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353 US Reps to Kerry: Iran 'Stonewalling' on Nuke Detonator

By Mark Langfan

Arutz Sheva
 
3 October, 2014
 
 

Stunning bipartisan congressional letter focuses on Iran’s 'refusal to fully cooperate' with IAEA over Parchin. 

Aerial view of Parchin site

Aerial view of Parchin site / Reuters

In a stunning bi-partisan “Congressional Letter” from over 353 out of 435 U.S. congresspersons to US Secretary of State John Kerry, the 353 U.S. representatives issued a stark warning that, “As you wrote in the Washington Post earlier this summer, if Iran’s nuclear program is truly peaceful, “it’s not a hard proposition to prove. The only reasonable conclusion for its stonewalling of international investigators is that Tehran does indeed have much to hide.” 

The Congressional Letter’s signatories included almost all of both parties’ leaderships, and was greatly aided by Republican Congressman Peter J. Roskam (R-IL-06) of Illinois, a stalwart, and tireless, advocate of Israel as a vital strategic asset of the United States. 

In a June 30, 2014, Washington Post opinion-piece entitled “Iranian nuclear deal still is possible, but time is running out,” Secretary Kerry had exhorted Iran to prove it “nuclear program is truly peaceful.” 

The Congressional Letter, dated October 1, 2014, focused on Iran’s “refusal to fully cooperate” with the IAEA (International Atomic Energy Agency) concerning the “possible military dimensions” of Iran’s program first outlined by the IAEA in November 2011. The Congressional Letter to Sec. Kerry also stated, “As you know, the IAEA has sought information on the 'potential military dimensions' of the Iranian nuclear program, in particular information about Iran’s extensive research and development of a nuclear explosive device.” 

This Congressional warning follows a similar warning from Israel Intelligence Minister Yuval Steinitz, who issued a statement last week that emphasized that “credible sources” alleged that “internal neutron sources such as uranium were used in nuclear implosion tests at [Iran’s] Parchin.” 

Steinitz’ Iranian “nuclear detonator” allegations center on the fact that Iran, after close to three years, has failed to explain to the IAEA allegations in the IAEA’s November 2011 report annex, which stated in paragraph 55 that the IAEA “has information from a Member State [likely Pakistan – ML] that Iran has undertaken work to manufacture small capsules suitable as containers of a component containing nuclear material”, and that “Iran may also have experimented with such components in order to assess their performance in generating neutrons.”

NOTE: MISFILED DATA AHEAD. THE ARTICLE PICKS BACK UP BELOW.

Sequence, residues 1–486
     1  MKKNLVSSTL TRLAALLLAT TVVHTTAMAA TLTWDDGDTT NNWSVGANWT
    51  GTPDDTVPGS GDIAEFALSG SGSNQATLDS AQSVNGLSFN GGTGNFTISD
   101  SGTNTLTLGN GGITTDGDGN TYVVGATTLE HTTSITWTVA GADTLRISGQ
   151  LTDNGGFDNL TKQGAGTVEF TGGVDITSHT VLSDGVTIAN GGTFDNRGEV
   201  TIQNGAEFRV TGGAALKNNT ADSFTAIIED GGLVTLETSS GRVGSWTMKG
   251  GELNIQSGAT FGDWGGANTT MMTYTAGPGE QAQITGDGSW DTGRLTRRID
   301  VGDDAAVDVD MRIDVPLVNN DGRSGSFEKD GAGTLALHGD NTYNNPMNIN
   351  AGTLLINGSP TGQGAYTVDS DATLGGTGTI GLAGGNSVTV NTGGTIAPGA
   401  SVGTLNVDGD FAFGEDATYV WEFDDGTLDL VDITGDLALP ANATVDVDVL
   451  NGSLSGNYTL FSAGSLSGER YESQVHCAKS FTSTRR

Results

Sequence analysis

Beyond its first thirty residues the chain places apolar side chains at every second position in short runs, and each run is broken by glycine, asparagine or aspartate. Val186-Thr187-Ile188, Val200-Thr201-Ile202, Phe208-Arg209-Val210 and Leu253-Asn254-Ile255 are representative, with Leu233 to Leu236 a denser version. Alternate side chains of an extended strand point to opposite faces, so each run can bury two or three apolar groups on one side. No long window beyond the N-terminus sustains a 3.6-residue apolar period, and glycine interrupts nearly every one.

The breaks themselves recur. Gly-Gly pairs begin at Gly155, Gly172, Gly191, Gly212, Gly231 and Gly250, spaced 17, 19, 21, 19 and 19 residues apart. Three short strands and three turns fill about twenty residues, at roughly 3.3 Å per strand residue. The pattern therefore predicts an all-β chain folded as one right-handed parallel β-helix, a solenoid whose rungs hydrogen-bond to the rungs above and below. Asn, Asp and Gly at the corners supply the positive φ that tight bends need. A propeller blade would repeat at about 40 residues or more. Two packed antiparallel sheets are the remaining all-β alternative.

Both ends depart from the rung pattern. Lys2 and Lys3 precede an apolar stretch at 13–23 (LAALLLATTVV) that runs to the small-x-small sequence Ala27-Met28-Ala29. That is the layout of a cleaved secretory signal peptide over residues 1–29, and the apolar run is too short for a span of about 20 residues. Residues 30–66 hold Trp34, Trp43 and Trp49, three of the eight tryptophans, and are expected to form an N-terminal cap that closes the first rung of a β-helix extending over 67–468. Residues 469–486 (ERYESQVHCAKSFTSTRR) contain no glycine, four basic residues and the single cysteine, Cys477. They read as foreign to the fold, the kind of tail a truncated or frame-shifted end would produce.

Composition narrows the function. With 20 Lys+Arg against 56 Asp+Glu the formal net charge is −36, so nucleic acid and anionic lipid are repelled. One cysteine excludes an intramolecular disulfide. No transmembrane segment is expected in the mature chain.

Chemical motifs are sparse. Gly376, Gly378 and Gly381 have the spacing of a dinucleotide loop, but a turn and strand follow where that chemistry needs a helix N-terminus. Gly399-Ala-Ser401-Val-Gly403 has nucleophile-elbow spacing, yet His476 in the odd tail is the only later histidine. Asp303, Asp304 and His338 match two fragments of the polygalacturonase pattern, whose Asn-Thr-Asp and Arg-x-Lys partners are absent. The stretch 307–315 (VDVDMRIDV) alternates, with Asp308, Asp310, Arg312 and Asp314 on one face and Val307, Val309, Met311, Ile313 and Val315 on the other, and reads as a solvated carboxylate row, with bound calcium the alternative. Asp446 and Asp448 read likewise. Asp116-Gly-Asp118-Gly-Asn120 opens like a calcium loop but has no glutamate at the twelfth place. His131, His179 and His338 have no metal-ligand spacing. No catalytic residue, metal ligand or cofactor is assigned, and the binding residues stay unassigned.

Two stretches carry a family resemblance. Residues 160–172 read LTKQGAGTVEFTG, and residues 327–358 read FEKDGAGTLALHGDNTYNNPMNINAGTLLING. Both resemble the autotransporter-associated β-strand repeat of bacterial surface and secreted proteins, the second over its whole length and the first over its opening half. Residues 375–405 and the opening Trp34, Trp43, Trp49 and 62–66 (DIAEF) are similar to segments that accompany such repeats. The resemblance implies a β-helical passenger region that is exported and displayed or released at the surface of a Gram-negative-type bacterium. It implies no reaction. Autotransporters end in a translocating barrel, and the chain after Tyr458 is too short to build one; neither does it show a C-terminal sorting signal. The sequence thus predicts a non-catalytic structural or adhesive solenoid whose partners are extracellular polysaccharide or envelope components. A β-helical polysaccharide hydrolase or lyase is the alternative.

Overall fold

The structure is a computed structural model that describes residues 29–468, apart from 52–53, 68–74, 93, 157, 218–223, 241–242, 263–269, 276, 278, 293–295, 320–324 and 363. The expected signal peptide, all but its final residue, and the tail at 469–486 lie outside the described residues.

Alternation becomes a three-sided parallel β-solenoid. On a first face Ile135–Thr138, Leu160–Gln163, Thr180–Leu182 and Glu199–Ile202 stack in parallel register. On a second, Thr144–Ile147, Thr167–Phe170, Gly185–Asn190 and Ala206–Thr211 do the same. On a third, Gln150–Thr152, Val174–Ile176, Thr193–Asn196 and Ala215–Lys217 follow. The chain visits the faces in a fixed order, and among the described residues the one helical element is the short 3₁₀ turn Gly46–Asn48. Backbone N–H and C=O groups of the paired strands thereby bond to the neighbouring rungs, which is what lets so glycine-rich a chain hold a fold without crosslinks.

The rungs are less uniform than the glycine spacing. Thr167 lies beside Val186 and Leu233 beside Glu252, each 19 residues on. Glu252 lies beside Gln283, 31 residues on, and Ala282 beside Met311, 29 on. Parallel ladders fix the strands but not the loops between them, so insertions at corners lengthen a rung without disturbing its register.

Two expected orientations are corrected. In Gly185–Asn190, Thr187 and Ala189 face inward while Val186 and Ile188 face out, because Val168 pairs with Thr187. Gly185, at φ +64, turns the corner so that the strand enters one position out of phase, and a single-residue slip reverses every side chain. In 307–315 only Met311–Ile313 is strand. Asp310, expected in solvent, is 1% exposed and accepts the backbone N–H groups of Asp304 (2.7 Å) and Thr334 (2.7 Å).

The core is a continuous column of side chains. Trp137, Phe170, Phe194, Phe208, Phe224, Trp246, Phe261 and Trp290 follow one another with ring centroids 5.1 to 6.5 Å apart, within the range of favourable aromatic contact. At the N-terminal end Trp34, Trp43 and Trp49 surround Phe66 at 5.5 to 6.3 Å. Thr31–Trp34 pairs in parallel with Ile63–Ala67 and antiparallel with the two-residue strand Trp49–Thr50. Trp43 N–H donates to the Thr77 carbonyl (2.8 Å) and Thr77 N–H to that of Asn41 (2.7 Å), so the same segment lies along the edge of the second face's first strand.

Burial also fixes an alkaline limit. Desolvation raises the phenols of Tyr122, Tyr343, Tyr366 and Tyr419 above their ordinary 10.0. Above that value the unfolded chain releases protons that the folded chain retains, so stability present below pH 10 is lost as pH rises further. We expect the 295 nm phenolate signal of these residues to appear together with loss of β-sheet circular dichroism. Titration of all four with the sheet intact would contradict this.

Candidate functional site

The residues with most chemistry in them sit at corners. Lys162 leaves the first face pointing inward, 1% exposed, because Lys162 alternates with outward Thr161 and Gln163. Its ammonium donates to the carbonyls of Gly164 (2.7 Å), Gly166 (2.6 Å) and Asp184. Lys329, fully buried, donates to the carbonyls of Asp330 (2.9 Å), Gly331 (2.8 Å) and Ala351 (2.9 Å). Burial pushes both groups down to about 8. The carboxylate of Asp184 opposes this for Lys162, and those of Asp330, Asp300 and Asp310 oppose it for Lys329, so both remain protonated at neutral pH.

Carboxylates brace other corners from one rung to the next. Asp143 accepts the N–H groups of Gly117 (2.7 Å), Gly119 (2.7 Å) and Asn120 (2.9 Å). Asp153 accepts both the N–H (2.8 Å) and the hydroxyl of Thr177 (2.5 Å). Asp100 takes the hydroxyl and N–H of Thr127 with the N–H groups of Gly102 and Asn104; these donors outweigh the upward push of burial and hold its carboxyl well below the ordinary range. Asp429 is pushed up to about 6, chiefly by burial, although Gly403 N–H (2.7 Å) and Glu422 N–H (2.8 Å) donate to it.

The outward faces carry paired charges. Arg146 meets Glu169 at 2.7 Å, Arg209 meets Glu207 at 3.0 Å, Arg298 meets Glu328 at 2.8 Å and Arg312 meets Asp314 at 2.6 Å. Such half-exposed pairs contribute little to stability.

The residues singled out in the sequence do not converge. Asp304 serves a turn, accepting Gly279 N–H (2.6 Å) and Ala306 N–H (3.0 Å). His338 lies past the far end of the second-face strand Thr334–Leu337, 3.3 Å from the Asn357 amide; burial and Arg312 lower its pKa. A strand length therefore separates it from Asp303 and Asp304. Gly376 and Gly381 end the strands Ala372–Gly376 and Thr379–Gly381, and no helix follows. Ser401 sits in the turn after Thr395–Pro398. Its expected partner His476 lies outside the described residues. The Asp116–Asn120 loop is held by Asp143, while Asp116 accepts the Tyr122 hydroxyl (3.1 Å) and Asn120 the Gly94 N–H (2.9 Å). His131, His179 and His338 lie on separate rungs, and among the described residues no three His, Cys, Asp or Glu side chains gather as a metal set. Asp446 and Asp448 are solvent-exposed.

Such a device for “generating neutrons” is called a “neutron initiator” (See A.Q. Khan graphic immediately below). Neutron initiators are one of the key components to an “implosion” type of nuclear bombs. Implosion nuclear bombs can use as their bomb “core” either highly-enriched Uranium (U235), or weapons’ grade plutonium (See, A.Q. Khan’s graphic).
 
AQ Khan's neutron initiator / Mark Langfan 

As is illustrated by A. Q. Khan, the “godfather of the Pakistani nuclear-bomb,” “Neutron initiators” act like “lighter fluid” to an implosion nuclear-bomb nuclear-core, and set off the first burst of the implosion nuclear chain-reaction. 

Iran’s alleged testing of such a “nuclear initiators” has been unexplained by Iran to date. Heightening fears that such Iranian testing would prove Iran’s nuclear weapons’ intentions is the fact that “neutron initiators” have no dual purpose. 

This means there is no “civilian” non-weapons’ purpose to “neutron initiators” which could help Iran explain away Iran’s testing of such a device. Since, there is other non-nuclear dual use, the sole purpose of testing such a neutron initiator would be for the constructing and/or designing of a nuclear bomb.
 
As for the 353 U.S. Representatives’ immediate concerns, their letter closed ominously by stating:

“As you have written, there is a 'discrepancy…between Iran’s professed intent with respect to its nuclear program and the actual content of that program to date.' We agree with your assessment that “these issues cannot be dismissed; they must be addressed by the Iranians if a comprehensive solution is to be reached.”